In a Suicide Squad roster that lacks team regulars like Bronze Tiger or Killer Frost, Harley Quinn is the odd girl out, more renowned for her adventures in Gotham than anything else. And yet she was understandably absent from Christopher Nolan’s Dark Knight trilogy — Heath Ledger’s Joker simply didn’t need her. While she’s one of the most loved of Batman’s rogues by the hardcore comics audience and regularly gets prominent billing in animation and videogame properties, Harley’s character makes for a difficult sell to more mainstream cinema audiences.
There are legitimate concerns about trying to add a character as simultaneously inexhaustibly cheery and crushingly pitiable as Harley to a more realist, down to earth blockbuster machine like the DC Cinematic Universe, not to mention the doubts that any live-action performer could even ‘get’ the Harley Quinn character at all. If DC was to bring Harley Quinn into the cinematic universe, it needed proof that audiences would accept her, and that’s where Suicide Squad came in.
From the very opening credits, the DC Comics and Warner Bros logos overlaid with red, black and white diamonds makes the purpose of the film clear: Give movie audiences a whole lotta Harley and see if they buy it. And audiences got a whole lotta Harley: Iconic comic elements like her ‘baptism’ at ACE Chemicals, the quintessential red and black jester number, the slow-burn seduction of mild-mannered Dr Quinzel at the hands of Leto’s Joker — it’s all there.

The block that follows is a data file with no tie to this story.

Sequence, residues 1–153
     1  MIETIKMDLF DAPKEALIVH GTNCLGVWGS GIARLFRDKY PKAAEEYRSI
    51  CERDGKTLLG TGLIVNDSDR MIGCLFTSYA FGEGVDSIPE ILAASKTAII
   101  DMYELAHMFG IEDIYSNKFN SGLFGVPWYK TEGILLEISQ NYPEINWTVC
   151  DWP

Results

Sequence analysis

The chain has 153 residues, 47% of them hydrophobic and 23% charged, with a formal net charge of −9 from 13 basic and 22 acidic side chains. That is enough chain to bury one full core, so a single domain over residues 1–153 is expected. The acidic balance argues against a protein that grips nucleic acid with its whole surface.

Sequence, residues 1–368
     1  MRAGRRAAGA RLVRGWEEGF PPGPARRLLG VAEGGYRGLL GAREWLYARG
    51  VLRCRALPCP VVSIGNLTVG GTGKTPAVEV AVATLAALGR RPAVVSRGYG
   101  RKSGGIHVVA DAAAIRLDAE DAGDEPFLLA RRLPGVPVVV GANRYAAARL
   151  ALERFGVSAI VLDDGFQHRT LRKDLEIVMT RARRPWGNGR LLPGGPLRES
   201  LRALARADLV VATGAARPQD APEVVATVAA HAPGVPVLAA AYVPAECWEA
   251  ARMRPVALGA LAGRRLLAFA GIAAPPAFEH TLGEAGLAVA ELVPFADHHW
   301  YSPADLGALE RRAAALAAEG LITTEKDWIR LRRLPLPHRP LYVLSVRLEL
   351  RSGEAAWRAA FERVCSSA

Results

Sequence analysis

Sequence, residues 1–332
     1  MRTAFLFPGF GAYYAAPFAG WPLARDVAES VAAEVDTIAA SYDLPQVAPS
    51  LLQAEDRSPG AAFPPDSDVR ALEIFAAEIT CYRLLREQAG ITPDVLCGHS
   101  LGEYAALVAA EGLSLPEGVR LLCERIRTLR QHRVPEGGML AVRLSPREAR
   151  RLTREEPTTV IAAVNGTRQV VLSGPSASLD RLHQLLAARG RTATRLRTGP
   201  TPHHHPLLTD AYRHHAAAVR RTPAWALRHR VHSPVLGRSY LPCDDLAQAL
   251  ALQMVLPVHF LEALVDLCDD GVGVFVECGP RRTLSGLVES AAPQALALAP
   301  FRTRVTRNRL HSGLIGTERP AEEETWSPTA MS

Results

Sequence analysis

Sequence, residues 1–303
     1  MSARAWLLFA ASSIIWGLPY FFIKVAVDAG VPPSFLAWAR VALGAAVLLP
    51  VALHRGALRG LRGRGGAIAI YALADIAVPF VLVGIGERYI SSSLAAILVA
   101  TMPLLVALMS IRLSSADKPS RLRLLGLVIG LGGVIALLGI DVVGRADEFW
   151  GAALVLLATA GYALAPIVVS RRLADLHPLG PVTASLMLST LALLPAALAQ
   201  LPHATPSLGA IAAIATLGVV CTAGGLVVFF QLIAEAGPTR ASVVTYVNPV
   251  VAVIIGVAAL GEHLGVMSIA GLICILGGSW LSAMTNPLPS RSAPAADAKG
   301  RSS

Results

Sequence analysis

There’s a particular scene in which the Joker is believed to have been killed. A despondent Harley sees Smith’s Deadshot and Jai Courtney’s Captain Boomerang approach, and almost like a lightswitch calls them over with a peppy wave, bravely burying her misery. It’s clear to these two she’s struggling, but both recognise the reason she’s covering it up: Do the right thing and give her agency over her emotions. A scene like this absolutely hinges on Robbie’s ability to convey the exact balance of masked sorrow and feigned joy; too far one way and all emotional value of the scene’s lost, too far the other way and the hero characters look like dicks. Robbie absolutely nailed it, Smith and Courtney played off it well, and the movie continued. If in the future the already-rumoured Harley Quinn movie becomes a hit, I’m gonna point back to this one scene and tell everyone who’ll listen ‘that’s the moment I knew this was happening.’
Reviews of the film might be ranging from “alright” to “atrocious,” but one of the consistent themes in feedback is that the Clown Princess of Crime steals the show. It’s hard not to just gush over Robbie’s performance. Rather than the true Guardians Of The Galaxy-esque ensemble many moviegoers expected, Suicide Squad is a more objective-driven vehicle to introduce a character not many mainstream fans are overly familiar with. The movie itself may not be to everyone’s tastes, but it did its job. Harley Quinn’s on the silver screen at last — and she’s brilliant.